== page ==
Born Bessie Lee Pittman, she married Robert Cochran, a young aircraft mechanic at a young age. A few years later, Bessie Lee Cochran (1906 – 1980) filed for divorce and moved to northwest Florida where her parents were then living. She, then, became a hairdresser and got a job in Pensacola, eventually winding up in New York City. There, she used her looks and driving personality to get a job at a prestigious salon at Saks Fifth Avenue. Somewhere along the way, she chose to change her name from Mrs. Bessie Cochran to Miss Jacqueline Cochran.
Later on, she met Floyd Bostwick Odlum, the middle-aged founder of Atlas Corp. and CEO of RKO in Hollywood. Widely reputed to be one of the ten richest men in the world, Odlum quickly became enamored with Jacqueline and offered to help her establish a cosmetics business. After a friend offered her a ride in an aircraft, a thrilled Jacqueline Cochran began taking flying lessons at Roosevelt Airfield, Long Island in the early 1930s. She learned to fly an airplane in just three weeks. A natural, she quickly soloed and within two years obtained her commercial pilot’s licence. Odlum, whom she married in 1936 after his divorce, was an astute financier and savvy marketer who recognized the value of publicity for her business. Calling her line of cosmetics “Wings,” she flew her own aircraft around the country promoting her products.
Known by her friends as “Jackie” and maintaining the Cochran name, she flew her first major race in 1934. In 1937, she was the only woman to compete in the Bendix race. She worked with Amelia Earhart to open the race for women. That year, she also set a new woman’s national speed record. By 1938, she was considered the best female pilot in the United States. She had won the Bendix and set a new transcontinental speed record as well as altitude records (by this time she was no longer just breaking women’s records but was setting overall records).
Before the United States joined World War II, she was part of “Wings for Britain”, an organization that ferried American built aircraft to Britain, becoming the first woman to fly a bomber, (a Lockheed Hudson V) across the Atlantic. In Britain, she volunteered her services to the Royal Air Force. For several months she worked for the British Air Transport Auxiliary (ATA), recruiting qualified women pilots in the United States and taking them to England where they joined the Air Transport Auxiliary.
In September 1940, with the war raging throughout Europe, Jackie Cochran wrote to Eleanor Roosevelt and Lt. Col. Robert Olds suggesting that women pilots be employed to fly non-combat missions for the new command. In spite of pilot shortages, Lieutenant General Henry H. “Hap” Arnold was the person who needed to be convinced. In September 1942, General Arnold authorized the formation of the Women’s Auxiliary Ferrying Squadron (WAFS) under the direction of Nancy Harkness Love. In August 1943, the Women Airforce Service Pilots (WASP) was created using Jackie Cochran as director and Nancy Love as head of the ferrying division. As director of the Women Airforce Service Pilots, she supervised the training of hundreds of women pilots. For her war efforts, she received the Distinguished Service Medal and the Distinguished Flying Cross.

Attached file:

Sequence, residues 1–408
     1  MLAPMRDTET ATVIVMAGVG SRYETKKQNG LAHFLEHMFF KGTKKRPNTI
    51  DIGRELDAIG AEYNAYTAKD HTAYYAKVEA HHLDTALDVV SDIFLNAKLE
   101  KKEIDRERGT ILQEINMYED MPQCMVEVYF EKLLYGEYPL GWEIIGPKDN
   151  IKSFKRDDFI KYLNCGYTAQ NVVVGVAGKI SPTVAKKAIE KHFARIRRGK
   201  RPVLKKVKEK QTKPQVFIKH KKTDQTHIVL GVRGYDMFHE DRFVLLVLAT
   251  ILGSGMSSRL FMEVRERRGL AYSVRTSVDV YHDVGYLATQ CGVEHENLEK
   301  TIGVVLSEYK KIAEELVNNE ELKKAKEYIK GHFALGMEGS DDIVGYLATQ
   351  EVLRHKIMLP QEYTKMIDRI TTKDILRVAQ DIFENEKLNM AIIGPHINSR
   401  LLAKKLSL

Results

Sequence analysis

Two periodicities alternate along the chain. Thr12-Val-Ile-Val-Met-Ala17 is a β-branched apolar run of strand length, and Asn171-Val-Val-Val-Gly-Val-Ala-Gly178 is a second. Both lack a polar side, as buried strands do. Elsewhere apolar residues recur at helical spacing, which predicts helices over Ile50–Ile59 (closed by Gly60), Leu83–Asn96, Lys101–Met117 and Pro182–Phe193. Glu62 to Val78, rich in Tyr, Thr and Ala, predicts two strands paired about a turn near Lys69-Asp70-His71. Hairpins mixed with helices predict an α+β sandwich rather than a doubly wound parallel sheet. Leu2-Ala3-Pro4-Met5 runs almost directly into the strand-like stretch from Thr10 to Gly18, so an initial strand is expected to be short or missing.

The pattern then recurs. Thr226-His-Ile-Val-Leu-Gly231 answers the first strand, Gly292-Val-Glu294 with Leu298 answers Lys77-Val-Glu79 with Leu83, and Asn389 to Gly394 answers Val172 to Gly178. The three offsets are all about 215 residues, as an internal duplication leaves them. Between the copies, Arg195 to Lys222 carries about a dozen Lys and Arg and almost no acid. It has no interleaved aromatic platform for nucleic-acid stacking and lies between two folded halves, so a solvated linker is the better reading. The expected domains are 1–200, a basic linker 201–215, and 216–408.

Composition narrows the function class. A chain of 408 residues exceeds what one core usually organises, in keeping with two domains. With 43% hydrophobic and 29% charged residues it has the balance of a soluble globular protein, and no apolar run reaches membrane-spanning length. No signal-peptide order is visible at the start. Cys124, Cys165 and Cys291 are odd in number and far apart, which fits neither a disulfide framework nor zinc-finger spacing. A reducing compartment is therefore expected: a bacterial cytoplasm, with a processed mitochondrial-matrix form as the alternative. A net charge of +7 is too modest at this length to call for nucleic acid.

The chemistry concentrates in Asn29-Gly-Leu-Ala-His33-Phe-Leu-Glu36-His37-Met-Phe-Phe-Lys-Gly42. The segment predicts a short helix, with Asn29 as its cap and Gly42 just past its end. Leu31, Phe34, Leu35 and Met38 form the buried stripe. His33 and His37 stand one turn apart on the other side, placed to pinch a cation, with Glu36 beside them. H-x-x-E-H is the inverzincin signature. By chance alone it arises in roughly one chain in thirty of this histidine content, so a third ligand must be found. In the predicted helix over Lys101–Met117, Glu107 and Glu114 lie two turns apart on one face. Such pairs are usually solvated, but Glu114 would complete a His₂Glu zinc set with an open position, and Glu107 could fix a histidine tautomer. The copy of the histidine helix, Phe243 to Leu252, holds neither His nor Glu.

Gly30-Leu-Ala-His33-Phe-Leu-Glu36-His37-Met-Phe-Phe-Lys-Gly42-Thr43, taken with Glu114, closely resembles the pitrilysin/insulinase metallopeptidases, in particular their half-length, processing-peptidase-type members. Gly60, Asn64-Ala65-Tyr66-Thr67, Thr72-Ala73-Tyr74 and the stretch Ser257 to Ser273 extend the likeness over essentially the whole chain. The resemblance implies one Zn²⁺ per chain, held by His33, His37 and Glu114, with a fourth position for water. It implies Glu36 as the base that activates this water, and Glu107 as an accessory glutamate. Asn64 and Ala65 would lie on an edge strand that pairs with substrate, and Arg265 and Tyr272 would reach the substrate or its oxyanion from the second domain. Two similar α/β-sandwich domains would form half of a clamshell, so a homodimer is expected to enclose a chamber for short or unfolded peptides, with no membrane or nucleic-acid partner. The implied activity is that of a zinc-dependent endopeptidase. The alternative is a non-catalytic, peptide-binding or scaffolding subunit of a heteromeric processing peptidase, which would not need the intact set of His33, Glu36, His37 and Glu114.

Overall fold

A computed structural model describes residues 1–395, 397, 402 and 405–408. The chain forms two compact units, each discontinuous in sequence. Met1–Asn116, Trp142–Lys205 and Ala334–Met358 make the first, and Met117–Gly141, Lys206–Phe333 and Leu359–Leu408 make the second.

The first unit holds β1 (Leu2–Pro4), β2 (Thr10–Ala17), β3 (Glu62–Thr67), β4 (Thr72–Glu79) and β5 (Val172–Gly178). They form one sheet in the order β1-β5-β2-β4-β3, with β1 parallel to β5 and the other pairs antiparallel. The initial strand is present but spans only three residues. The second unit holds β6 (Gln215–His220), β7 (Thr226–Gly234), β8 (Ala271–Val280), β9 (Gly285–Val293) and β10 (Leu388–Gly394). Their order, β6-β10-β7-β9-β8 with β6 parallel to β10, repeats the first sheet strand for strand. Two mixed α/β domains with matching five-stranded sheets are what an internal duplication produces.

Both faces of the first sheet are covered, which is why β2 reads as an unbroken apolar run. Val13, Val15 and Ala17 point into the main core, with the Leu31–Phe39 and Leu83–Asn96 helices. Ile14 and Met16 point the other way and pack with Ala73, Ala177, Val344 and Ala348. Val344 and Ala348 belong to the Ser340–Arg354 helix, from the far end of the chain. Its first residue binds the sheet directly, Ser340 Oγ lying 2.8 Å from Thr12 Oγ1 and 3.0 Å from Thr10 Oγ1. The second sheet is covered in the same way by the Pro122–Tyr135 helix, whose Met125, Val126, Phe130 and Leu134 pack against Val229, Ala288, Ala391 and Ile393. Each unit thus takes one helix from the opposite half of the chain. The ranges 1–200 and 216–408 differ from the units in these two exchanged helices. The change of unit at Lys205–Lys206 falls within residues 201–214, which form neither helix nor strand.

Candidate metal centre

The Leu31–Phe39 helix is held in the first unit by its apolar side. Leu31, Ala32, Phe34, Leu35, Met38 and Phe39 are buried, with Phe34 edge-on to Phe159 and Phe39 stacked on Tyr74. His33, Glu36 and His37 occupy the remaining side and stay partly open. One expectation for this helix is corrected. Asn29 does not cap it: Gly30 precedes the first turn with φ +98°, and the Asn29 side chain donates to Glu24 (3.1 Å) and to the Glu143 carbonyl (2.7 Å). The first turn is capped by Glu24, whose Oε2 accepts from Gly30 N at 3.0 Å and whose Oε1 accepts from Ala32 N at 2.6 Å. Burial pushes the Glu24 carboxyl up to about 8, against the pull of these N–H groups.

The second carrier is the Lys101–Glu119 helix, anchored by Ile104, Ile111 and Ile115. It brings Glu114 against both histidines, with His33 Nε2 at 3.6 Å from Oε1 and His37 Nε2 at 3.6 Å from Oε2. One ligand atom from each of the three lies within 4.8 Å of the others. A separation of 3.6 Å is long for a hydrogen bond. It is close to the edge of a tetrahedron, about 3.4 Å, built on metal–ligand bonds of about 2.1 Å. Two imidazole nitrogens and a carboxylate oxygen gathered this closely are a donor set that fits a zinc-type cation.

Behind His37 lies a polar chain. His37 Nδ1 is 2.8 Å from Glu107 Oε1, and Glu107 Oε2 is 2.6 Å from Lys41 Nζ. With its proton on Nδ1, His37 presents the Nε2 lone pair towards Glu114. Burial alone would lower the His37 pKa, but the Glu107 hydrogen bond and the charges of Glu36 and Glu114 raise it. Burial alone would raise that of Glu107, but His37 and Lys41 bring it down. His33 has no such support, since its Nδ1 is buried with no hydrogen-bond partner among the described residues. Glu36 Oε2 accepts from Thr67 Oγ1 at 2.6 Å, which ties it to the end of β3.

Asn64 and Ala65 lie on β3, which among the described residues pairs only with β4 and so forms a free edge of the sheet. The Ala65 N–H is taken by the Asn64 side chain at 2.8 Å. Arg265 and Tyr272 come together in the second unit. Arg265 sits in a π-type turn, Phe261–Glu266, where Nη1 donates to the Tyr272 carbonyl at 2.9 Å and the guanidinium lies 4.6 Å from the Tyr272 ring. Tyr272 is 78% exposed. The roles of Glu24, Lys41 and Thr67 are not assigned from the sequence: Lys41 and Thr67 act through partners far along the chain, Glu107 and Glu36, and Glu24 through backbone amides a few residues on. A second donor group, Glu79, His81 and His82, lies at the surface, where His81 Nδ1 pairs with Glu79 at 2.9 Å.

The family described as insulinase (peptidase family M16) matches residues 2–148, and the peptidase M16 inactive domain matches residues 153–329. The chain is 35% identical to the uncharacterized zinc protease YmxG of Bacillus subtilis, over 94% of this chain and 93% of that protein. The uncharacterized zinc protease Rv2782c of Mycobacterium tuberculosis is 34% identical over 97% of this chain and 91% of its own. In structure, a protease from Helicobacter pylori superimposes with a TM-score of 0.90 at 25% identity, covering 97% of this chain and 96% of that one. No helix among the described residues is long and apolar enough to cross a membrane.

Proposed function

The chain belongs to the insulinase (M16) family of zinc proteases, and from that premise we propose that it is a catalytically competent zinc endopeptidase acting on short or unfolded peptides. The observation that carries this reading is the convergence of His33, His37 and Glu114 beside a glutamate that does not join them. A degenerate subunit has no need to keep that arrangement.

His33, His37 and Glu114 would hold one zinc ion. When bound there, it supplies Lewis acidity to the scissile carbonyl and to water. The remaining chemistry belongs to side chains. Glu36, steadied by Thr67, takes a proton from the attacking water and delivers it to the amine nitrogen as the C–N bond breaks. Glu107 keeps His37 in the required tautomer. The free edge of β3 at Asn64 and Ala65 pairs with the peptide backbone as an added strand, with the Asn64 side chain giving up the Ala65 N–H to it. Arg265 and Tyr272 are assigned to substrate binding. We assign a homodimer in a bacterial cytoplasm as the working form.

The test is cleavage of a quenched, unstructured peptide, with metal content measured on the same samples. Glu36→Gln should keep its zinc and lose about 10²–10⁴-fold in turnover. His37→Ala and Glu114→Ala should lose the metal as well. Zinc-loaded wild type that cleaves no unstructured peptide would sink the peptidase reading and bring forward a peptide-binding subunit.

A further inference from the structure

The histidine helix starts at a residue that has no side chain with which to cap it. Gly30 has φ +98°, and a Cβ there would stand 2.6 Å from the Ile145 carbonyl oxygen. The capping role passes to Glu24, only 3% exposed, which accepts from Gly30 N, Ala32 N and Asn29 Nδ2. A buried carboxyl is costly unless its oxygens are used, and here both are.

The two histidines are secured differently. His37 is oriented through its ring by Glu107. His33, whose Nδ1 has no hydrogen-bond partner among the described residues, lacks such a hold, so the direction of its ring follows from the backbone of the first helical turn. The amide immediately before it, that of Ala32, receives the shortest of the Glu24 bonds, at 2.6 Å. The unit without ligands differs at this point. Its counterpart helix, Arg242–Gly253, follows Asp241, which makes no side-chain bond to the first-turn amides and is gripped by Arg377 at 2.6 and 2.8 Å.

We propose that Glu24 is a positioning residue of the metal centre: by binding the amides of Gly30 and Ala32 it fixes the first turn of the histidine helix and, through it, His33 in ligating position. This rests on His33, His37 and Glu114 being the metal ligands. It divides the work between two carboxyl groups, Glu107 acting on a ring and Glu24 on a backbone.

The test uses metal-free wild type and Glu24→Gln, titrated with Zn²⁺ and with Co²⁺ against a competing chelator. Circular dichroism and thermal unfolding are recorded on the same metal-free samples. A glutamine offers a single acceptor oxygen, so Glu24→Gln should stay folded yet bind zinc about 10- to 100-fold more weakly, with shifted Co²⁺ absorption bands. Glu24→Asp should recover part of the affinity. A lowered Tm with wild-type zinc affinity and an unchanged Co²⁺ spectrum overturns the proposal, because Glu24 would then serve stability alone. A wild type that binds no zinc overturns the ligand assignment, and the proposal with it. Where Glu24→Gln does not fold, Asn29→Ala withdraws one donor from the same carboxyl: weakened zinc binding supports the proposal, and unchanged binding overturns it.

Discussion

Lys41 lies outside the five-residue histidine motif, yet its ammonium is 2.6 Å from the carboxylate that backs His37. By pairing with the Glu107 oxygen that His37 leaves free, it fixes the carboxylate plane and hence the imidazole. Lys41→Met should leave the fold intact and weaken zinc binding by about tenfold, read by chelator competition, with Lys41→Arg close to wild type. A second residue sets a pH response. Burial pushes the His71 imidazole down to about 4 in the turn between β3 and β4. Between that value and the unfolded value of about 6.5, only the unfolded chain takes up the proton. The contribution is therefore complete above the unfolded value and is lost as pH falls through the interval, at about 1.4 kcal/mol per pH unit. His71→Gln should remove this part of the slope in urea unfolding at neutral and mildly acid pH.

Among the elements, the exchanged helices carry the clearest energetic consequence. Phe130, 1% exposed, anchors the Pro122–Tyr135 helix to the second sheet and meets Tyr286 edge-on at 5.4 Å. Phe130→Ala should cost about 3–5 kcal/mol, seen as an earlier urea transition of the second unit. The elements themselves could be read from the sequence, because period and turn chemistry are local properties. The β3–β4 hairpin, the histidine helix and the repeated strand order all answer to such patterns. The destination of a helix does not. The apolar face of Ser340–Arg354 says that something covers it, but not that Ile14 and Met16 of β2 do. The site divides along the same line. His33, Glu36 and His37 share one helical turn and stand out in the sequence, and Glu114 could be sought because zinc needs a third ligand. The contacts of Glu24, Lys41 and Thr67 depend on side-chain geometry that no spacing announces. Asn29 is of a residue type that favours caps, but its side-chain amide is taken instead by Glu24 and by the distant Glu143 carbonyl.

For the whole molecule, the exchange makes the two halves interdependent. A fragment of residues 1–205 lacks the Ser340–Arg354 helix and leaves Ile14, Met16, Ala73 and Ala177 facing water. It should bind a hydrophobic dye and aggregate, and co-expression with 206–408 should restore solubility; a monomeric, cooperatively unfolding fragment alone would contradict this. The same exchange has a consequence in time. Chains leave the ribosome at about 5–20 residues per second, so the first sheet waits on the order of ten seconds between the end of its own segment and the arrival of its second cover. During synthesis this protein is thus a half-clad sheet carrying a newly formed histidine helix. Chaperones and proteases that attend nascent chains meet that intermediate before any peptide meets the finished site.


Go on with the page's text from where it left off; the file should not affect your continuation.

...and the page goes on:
In 1948, Jackie joined the U.S. Air Force Reserve where she eventually rose to the rank of Lieutenant Colonel. Encouraged by then-Major Chuck Yeager, with whom she shared a lifelong friendship, on May 18, 1953, at Rogers Dry Lake, California, Cochran flew a Canadair F-86 Sabre jet borrowed from the Royal Canadian Air Force at an average speed of 652.337 mph, becoming the first woman to break the sound barrier. She was also the first woman to land and take off from an aircraft carrier, the first woman to pilot a bomber across the North Atlantic (in 1941), the first pilot to make blind (instrument) landing, the only woman to ever be President of the Federation Aeronautique International (1958-1961), the first woman to fly a fixed-wing jet aircraft across the Atlantic, the first pilot to fly above 20,000 feet with an oxygen mask and the first woman to enter the Bendix Trans-continental Race.